Recognize that comparing is arbitrary

It’s very easy to focus on all the things other people have completed or accomplished and feel that it directly impacts you, but in most cases this is not true. I remember a friend once telling me how they felt, so useless, because their sibling had written books and done all sorts of amazing thing with their lives.

We conversed about the topic for awhile, and afterwards, I had an epiphany. Why did it matter? Who cares what your siblings have done? They are them, and you are you. Just because they have been successful, doesn’t mean you can’t be.

It’s funny how lost we get with comparing. We get so focused on how much better or worse we’re doing than other people that we forget how meaningless it can be. We might focus on how somebody is so much better than us, but we overlook the fact that maybe they’ve been doing it for ten years longer, or we might not notice that they’re good at that one thing, but terrible at everything else.

The fact is that when you compare two people, you are comparing apples and oranges. Yes, you’re both people, you might even have a similar background, but everybody is unique and very different. What’s easy for one person can be hard for another, and we all have different quirks, strengths, experiences, and ideas. When you start recognizing how different each person is, you recognize how futile it is to get caught up in comparing yourself.

Find the opportunity

Let’s say you’ve found somebody you’ve been playing the comparing game with, what do you do? Typically, when we’re playing the comparing game we’re engaging in what’s called a zero-sum game. A zero-sum game is a game where for every person who wins, there also has to be a loser.

When you play the comparing game, the rules are: if I’m doing better than you, I win and you lose and if you are doing better than me, you win and I lose. To break out of this game, we want to think more cooperatively. How can we both win? How could we both lose?

When you start thinking this way, you start seeing opportunities. For example, if somebody is better than you, maybe you can learn from them. This way, they still get to be awesome at what they do (win), and you gain a resource that allows you to improve yourself and perform better (win).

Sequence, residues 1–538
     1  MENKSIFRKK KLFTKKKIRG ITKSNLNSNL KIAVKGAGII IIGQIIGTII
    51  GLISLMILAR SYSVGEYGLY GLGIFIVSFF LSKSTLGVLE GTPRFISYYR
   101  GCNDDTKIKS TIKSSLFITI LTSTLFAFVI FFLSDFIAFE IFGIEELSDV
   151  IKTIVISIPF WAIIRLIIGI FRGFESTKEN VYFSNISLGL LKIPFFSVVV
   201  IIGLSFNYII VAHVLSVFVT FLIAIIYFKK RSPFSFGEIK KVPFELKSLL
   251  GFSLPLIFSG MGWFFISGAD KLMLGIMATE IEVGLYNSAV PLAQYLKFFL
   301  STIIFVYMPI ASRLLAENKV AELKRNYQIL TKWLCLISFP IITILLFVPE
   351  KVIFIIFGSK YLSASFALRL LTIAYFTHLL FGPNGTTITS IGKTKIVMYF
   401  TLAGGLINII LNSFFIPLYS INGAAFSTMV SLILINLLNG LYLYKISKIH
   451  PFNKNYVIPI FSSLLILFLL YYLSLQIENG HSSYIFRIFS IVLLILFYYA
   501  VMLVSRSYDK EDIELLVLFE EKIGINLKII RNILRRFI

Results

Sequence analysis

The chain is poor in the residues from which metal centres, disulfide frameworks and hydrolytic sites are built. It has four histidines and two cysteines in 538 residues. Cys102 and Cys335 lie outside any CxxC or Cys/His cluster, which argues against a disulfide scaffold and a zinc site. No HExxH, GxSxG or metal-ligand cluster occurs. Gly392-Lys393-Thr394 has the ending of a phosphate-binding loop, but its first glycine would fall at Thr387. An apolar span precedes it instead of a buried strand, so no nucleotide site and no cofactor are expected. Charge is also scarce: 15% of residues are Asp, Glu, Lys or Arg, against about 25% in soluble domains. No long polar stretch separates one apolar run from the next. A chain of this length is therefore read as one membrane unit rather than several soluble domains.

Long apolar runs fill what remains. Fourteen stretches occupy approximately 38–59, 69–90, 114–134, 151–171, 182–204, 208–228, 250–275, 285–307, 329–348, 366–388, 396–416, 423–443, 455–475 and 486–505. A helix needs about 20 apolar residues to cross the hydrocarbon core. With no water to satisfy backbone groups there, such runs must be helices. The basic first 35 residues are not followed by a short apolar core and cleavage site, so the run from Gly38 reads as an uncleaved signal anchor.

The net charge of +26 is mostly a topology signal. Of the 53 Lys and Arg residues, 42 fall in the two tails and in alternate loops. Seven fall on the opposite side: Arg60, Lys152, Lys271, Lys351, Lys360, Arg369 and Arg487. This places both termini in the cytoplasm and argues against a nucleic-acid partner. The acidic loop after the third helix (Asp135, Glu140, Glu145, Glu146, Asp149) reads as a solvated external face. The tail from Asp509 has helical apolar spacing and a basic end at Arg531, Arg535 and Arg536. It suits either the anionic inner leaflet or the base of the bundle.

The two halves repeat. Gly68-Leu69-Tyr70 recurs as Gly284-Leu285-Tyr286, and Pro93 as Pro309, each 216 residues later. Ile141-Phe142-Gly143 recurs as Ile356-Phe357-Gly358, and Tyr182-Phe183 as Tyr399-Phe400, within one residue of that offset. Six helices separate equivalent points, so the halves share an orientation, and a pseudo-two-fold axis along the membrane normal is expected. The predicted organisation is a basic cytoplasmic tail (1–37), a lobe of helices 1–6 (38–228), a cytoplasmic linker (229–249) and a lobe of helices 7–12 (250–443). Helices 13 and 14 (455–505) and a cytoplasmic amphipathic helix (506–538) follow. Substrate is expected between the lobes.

If you encounter somebody who is better than you, you may also want to add them to your team, because if you are both pretty good at what you do, imagine what you can accomplish together. This is also a double-win.

Likewise, if somebody is worse than you, don’t prevent them from improving. Thinking in terms of a win-win, you want to actually help them, because in the future they may return the favor, and you can both benefit from them performing better.

Here’s an example of a client of mine going through this process.

I had a client (we’ll call her Sandra), who had a personal business but was finding the business to be too time-consuming, and wanted to hire an assistant. She went through several resumes and found somebody perfect. Not only was she excellent as an assistant, but she probably knew even more about the business than Sandra.

This gave Sandra pause, because the assistant made her feel inadequate. “What if she’s better than me?” “What if all my clients decided they liked her more and she steals them from me?”

We talked for some time about the issue, and Sandra recognized she was playing the comparing game. To deal with it, we began to ask, “what’s the opportunity?” Sandra recognized that if she hired this assistant, she’d know her company was in very good hands, she’d have somebody could possibly even teach her how to run things better, and she could spend way less time worrying about everything getting done. When she recognized how valuable this assistant would be, she jumped on the opportunity. Last I heard, she was very happy with the assistant helping her and it has been an incredible asset to her business.